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Death Stranding guide: The best places to build structures

Where should you put watchtowers, bridges, and more?

Death Stranding upgrade structures guide Kojima Productions/Sony Interactive Entertainment via Polygon

At the start of Death Stranding, you’ll enter a desolate and lonely world. In time, you can build structures to fill in the void, and structures from other players can appear in your game, too.

Whenever someone uses your structures, you get Likes. Well-placed structures may get even more Likes from players, which can make you feel like you’re making a difference and will help with your porter grades.

If you want to help out your fellow players the most while receiving tons of Likes in the process, then you need to build structures in the most beneficial places. This guide will tell you the best places to place the most critical buildings.

There are many more structures to explore, but in the first few dozen hours of the game, these structures will be the most critical.


A watchtower set in the world of Death Stranding Kojima Productions/Sony Interactive Entertainment via Polygon

One of the first structures you come across in the game is a watchtower. These massive structures help you get the lay of the land and tag any items out in the world. The vantage points they offer are helpful if you want to identify lost cargo in a new area or to find hidden collectibles.

One of the best places to put them is near enemy camps. Place a watchtower near one of scanner relays outside an enemy camp. Once set up, scan over the area so you can tag all of the items being held by those who would cause you harm. This is great in the early game, especially when you don’t have too many tools at your disposable to fend off attackers or speedy ways to maneuver around them.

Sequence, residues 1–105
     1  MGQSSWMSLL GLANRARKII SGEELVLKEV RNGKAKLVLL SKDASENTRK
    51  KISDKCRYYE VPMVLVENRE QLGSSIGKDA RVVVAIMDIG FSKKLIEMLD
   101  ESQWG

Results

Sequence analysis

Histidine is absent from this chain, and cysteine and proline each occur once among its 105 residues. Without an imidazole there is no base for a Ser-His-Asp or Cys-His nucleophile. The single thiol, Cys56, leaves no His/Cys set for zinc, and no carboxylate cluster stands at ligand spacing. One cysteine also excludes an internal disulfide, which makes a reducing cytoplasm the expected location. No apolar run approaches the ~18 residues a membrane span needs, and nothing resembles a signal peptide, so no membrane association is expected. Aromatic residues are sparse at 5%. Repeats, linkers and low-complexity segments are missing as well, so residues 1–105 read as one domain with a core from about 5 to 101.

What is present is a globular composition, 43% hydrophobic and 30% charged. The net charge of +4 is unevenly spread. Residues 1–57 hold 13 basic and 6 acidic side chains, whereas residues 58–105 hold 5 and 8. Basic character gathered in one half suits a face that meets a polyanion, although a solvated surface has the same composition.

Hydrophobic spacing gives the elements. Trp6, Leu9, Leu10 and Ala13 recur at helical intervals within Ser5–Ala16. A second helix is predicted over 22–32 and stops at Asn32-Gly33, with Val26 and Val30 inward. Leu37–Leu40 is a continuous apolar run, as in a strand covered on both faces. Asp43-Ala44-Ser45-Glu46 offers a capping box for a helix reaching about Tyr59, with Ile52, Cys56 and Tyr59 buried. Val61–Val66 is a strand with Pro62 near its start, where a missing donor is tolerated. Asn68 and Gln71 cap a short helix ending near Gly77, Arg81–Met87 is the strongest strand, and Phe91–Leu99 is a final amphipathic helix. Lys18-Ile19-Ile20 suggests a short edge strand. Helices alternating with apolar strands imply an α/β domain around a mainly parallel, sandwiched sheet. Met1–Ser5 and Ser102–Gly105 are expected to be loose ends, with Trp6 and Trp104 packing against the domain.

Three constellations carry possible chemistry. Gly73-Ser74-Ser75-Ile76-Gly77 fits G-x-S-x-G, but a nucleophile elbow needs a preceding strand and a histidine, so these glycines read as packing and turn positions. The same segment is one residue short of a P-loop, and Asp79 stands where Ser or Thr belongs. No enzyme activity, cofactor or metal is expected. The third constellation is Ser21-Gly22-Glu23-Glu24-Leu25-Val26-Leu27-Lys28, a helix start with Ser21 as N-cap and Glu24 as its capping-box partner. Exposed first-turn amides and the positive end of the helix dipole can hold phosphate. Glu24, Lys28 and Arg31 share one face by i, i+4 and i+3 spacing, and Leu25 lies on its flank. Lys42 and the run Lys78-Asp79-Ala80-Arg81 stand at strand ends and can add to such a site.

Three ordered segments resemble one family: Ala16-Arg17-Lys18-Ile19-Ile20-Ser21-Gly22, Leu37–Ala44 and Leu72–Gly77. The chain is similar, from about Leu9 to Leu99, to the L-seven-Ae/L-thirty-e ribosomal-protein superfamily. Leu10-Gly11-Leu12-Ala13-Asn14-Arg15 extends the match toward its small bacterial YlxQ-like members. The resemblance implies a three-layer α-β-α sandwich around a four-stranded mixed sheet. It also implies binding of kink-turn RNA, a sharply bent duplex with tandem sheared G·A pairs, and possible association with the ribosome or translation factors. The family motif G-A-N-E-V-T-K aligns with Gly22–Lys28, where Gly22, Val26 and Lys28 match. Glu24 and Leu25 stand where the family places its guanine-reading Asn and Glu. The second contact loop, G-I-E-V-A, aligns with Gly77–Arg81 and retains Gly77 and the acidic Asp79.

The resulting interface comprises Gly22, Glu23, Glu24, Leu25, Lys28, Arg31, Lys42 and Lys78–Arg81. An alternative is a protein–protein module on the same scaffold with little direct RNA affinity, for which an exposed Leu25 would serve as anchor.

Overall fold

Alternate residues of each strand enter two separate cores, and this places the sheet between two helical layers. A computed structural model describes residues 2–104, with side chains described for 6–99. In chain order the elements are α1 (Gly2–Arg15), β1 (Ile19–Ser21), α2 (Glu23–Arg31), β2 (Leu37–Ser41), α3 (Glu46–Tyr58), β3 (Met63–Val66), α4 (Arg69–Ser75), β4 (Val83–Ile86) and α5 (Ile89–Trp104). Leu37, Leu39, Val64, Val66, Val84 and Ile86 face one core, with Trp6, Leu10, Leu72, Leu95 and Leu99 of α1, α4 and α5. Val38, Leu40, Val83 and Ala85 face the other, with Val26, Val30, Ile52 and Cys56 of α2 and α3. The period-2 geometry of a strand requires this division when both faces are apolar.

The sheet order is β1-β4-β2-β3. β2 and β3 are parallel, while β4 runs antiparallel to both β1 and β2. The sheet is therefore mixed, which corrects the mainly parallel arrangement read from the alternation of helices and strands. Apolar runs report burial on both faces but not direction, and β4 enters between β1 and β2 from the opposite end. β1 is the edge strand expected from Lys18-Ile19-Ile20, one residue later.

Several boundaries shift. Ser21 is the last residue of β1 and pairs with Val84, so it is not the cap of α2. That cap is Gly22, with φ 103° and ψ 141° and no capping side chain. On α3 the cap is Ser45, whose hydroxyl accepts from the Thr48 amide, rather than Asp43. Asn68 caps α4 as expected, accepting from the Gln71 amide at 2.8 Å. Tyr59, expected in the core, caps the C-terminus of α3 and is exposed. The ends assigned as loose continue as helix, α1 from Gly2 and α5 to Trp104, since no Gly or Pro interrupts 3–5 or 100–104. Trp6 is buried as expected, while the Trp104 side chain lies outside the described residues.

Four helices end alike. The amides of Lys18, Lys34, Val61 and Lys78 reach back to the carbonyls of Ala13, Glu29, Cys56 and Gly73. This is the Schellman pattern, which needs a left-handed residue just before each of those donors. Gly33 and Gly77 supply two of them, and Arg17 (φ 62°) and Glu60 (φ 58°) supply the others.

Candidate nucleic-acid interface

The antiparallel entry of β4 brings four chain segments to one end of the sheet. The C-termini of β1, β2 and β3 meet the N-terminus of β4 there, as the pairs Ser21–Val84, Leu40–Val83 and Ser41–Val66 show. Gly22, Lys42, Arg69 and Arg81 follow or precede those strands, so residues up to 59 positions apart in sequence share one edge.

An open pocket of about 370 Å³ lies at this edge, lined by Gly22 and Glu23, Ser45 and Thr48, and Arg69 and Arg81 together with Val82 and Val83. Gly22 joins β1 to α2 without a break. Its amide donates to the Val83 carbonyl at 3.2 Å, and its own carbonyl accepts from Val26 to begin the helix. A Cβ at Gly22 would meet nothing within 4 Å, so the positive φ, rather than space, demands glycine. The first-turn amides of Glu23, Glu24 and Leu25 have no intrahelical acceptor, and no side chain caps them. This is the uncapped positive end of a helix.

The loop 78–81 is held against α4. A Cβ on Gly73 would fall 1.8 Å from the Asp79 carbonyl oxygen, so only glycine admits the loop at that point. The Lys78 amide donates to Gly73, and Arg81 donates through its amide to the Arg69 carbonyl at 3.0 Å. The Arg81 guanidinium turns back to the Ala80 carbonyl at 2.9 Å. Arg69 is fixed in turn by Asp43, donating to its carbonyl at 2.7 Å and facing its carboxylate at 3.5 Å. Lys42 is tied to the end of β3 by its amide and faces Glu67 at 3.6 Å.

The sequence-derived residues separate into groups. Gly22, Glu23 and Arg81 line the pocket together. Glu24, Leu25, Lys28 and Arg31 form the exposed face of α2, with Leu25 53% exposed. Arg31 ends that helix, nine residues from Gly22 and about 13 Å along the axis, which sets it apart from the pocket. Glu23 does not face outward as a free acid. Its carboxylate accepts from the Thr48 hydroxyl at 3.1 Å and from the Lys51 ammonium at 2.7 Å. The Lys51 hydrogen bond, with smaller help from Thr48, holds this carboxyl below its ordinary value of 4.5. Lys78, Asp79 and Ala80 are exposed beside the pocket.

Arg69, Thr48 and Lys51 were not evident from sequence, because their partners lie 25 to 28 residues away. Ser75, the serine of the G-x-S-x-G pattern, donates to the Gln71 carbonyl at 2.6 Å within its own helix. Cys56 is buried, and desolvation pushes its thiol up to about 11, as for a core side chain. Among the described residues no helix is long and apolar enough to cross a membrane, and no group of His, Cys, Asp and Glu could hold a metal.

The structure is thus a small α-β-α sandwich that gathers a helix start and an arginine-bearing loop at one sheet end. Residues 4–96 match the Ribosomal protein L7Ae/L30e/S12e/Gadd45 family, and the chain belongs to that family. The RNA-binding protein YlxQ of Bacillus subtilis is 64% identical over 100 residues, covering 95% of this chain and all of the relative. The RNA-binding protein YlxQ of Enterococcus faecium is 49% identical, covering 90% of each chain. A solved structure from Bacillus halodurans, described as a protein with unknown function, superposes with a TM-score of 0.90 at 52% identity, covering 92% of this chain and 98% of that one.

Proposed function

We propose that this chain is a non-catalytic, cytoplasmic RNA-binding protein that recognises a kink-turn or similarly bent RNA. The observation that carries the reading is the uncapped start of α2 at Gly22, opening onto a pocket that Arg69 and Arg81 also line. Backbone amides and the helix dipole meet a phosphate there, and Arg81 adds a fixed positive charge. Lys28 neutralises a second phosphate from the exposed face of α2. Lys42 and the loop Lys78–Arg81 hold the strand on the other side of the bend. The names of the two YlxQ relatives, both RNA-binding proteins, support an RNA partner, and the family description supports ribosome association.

When you finally get vehicles and powered exoskeleton suits, you’ll quickly learn how much having energy becomes a commodity. As much as these items will help you traverse the map with speed, their battery lives are disappointingly small.

That’s fine because you can always craft a generator. These thin, vertical towers quickly recharge anything electric when you’re nearby.

While you may be tempted to put one near a facility to recharge after a long trek, consider crafting them at halfway points instead. Don’t waste putting a power station near a facility because resting in your private room recharges all of your vehicles and electronic items.

Generators are more valuable when they are near nothing — places where everyone’s batteries are almost certainly low and when having a boost can keep you going to your destination.


In the early game, bridges are a big help for both getting over rivers and crevasses on foot and even on vehicles, but they take lots of materials to construct.

If it takes a few seconds to run left or right to get around a hazard, consider putting a bridge elsewhere. When planning routes, look ahead and make sure placing a bridge makes sense. In any case, you also want to find spots to make bridges near facilities or enemy camps as you’ll need a short route between the under construction bridge and somewhere to get resources to finish it off.


Postboxes are small lockers in which you can place your items in private lockers or in shared lockers for other players to use. These are particularly useful in the early game when transporting large amounts of materials for bridges and other structures is difficult.

When you’re first starting out, think of postboxes as item waypoints. Place them between a place where you can easily get resources, like a facility, and somewhere that needs items like a bridge under construction. That way, you can relay items in batches so you can finish larger construction projects.

Timefall shelters

There are certain parts of the map that always seem to have rain. That’s the perfect place to put a timefall shelter. The tree-like structures let you wait out the rain, so you can pass through that area without damaging your gear. Standing under one also repairs your items — not your vehicles.

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